Shakespeare and Bayes are in a boat, fishing. Bayes is trying to figure out which net to cast when Shakespeare says: "loopy or not loopy? that is the question".

Academic year 2019/2020:

October 3, 2019: I was asked some questions about assignment D in class, so apparently the instructions as to what you can or cannot compute using your software are not completely clear. First of all: the Car diagnosis network is too large an example to do Pearl (with loopcutset conditioning!) by hand, so that is not required of you. You are allowed to, and supposed to, use your software to compute distributions of the form Pr(V_i), or Pr(V_i | evidence), that is (conditional) probability distributions over a single variable. More complex queries first have to be rewritten in terms of distributions of the above-mentioned form, even if your software is capable of directly answering the more complex query for you (you can then use that to check your answer).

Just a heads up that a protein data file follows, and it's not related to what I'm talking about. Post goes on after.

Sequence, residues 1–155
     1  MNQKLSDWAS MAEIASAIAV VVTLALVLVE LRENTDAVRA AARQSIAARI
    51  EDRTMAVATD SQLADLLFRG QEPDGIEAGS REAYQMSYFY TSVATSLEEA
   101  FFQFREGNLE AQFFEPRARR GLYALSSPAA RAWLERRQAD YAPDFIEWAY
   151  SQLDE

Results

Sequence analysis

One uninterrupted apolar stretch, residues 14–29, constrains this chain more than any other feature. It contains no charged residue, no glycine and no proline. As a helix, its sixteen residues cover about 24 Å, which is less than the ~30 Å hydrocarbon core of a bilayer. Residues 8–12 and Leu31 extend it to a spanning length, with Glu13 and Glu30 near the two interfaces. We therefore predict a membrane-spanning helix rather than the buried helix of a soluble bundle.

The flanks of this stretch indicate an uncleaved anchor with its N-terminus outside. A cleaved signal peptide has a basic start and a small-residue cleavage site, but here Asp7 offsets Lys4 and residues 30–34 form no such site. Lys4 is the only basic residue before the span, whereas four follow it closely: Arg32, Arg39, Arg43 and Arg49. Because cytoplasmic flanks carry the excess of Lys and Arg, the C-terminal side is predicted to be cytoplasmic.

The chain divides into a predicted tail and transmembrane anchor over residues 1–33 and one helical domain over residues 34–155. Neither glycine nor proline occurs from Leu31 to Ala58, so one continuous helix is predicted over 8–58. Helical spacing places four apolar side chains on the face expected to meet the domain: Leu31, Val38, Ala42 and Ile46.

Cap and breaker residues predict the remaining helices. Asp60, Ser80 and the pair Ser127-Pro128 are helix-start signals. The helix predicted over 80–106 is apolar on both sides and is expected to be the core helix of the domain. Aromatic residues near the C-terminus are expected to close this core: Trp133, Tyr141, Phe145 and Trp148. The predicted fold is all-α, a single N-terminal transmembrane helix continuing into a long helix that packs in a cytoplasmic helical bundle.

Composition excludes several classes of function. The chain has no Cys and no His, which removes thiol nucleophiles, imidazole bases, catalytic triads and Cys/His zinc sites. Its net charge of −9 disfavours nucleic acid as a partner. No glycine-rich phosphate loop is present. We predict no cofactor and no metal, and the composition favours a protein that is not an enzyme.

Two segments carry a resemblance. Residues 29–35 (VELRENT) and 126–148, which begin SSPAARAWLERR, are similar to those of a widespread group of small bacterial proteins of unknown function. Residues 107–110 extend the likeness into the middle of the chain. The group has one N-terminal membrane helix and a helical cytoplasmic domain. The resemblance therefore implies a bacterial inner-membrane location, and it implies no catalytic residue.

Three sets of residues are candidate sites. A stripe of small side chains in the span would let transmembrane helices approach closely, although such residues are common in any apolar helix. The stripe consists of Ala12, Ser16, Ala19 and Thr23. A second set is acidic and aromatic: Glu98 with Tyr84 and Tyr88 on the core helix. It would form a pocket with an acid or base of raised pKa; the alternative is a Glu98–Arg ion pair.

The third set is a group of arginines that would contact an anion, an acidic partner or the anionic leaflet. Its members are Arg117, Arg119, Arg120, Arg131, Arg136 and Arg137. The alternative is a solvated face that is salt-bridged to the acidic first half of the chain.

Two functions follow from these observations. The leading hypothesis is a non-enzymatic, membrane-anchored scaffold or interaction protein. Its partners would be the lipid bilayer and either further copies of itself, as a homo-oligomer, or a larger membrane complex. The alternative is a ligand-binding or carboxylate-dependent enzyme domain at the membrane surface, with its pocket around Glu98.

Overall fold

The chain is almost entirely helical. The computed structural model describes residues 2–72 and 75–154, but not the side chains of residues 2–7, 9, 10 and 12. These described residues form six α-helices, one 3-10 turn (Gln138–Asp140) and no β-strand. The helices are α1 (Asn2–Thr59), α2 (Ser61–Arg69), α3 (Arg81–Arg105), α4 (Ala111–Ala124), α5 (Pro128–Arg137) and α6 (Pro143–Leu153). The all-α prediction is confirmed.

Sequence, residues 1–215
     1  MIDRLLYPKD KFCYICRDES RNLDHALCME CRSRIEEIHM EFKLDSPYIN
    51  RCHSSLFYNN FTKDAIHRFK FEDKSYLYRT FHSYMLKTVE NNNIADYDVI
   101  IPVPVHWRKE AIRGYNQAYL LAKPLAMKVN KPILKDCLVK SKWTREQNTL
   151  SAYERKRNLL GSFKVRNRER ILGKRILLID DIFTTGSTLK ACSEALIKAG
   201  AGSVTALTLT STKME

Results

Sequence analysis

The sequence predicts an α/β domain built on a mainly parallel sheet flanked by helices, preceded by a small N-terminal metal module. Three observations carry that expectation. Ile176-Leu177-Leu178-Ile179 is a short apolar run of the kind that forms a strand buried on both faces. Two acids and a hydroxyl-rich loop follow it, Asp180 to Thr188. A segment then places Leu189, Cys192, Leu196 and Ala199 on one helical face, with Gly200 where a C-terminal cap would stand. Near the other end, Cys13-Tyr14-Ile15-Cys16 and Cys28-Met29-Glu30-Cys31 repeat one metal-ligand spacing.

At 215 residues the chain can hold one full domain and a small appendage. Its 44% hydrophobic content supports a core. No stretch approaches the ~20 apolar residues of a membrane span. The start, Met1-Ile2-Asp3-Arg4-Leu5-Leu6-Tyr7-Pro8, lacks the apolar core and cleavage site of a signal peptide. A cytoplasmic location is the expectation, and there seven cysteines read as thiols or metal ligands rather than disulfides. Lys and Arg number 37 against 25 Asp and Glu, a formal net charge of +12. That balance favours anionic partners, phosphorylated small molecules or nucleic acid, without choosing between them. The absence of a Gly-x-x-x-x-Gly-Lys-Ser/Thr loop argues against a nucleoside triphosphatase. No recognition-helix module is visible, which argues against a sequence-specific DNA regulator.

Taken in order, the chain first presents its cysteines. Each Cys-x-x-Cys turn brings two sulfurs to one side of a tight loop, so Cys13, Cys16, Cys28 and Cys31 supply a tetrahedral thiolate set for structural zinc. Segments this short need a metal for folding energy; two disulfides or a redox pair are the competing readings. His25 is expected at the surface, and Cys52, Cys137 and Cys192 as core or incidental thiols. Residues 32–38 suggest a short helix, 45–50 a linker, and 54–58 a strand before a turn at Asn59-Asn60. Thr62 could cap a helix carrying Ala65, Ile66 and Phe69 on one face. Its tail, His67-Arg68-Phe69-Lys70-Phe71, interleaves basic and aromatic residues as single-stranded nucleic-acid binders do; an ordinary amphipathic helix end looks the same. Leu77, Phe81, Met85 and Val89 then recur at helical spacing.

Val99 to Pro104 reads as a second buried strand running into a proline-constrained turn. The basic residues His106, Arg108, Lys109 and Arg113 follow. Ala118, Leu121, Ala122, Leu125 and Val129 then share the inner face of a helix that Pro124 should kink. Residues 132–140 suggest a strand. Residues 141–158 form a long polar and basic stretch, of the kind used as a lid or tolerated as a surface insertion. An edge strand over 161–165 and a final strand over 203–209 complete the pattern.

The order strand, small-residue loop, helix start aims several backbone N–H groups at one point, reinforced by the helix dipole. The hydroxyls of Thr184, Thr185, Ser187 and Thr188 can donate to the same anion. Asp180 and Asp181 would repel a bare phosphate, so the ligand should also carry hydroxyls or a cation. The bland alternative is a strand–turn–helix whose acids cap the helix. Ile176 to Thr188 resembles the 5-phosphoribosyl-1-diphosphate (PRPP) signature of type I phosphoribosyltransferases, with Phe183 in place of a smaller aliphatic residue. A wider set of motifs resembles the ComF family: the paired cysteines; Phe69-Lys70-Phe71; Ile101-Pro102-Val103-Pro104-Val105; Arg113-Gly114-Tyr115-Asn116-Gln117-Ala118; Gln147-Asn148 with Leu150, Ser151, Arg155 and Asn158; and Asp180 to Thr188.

Learning goals (2019-2020): upon completing this course, the student

  1. recognises and understands the strengths and weaknesses of probabilistic graphical models in general and Bayesian networks in particular;
  2. understands the relation between probabilistic independence and the graphical representations thereof, and is able to draw conclusions from this relation;
  3. understands and is able to apply probabilistic inference in Bayesian networks;
  4. has knowledge and understanding of methods for constructing the Bayesian network graph for actual applications;
  5. has knowledge and understanding of various methods for quantifying Bayesian networks, including parameterized models (noisy-or), together with their benefits and limitations;
  6. understands and is able to apply techniques for evaluating the robustness and quality of a Bayesian network.